Many of you wrote to express concern about the report on animals used in the movie industry. Several writers praised filmmakers who use digitally produced images of animals for movies instead of using live animals. One listener went even farther with that idea. Hasan from Turkey wrote "I believe that computer generated imagery should also replace the humans.
Thus, film producers would not have to pay much money for the famous actors and actresses."
Hmmm ...this is an interesting idea, but one that labor unions for actors might oppose.
Several listeners sent comments after our story about building designer and MacArthur prize winner Jeanne Gang. A listener in Japan hoped that Ms. Gang's work would inspire other women to consider a career in architecture. And Loc from Vietnam has this to say about her wavy skyscraper in Chicago: "If I have a chance, I would lean from one of its balconies."
Another Vietnamese listener commented on our story about disabled men and women learning to surf. Thanh Vy wrote, "Disability doesn't mean you cannot do anything ... I really admire disabled people who overcome the physical hurt to get a better life."
Listeners were not so pleased to hear about how some Americans provide day care and costly treats to their pets. Florence from Togo noted people in the world who need help. She wrote that Americans should reduce their pet care spending and help people around them who are homeless.
Finally, our story on the new Martin Luther King Junior Memorial led to the most AMERIAN MOSAIC comments in September. Bhima Acharya-Baral in Nepal said he was impressed by King's "I Have a Dream" speech. And, he added, "His speech motivates everyone to universal brotherhood. I like his way to treat all equal."
The new Martin Luther King memorial
Valia Herman of Burkina Faso expressed similar praise. She wrote it is thanks to Martin Luther King "that the USA is a true land of equality and opportunity."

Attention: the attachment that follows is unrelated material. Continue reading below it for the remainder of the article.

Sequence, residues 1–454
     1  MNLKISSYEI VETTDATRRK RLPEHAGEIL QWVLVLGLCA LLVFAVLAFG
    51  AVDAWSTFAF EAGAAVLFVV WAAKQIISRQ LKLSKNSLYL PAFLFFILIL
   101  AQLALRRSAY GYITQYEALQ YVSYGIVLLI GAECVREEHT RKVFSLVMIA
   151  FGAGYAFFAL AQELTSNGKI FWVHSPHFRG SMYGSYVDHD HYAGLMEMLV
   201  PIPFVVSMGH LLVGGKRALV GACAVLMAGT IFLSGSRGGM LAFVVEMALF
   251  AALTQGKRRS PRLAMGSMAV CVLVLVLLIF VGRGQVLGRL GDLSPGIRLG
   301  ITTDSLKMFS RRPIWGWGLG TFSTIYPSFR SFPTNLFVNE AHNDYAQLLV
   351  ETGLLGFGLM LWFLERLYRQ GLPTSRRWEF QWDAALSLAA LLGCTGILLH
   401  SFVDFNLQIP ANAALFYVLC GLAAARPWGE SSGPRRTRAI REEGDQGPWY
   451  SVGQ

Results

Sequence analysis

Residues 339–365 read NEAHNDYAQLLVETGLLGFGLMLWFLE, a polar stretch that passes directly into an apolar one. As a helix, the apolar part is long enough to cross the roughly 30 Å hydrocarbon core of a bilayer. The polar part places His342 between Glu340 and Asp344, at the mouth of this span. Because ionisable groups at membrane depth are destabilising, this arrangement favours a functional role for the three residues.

Thanks to everyone who sent us comments. And keep them coming. You may hear your own read on this program in the future.
MARIO RITTER: Singer-songwriter Feist released "Metals," her fifth album, earlier this month. Last Saturday, she launched a series of concert performances in support of the new album. Barbara Klein has more.
BARBARA KLEIN: That is "How Come You Never Go There" from Feist's album, "Metals." It was the first single released. The song seems to question the emotional reach of one of two people in a relationship. Feist sings: "words are like a lasso, you're an instrumental tune." In other words, somebody is not talking.
A cowboy using a rope can make a lasso to seize horses or other animals. There are other suggestions of America's Old West on "Metals." The song "Anti-Pioneer" is an example.
Feist recorded "Metals" in Big Sur, California. She had a studio specially built high on a cliff overlooking the water. Birds and other creatures would have surrounded the musicians. Perhaps that led to this song: "Cicadas and Gulls."
Feist will be performing in Europe and the United States through early February. We leave you with the song "Comfort Me" from her album "Metals."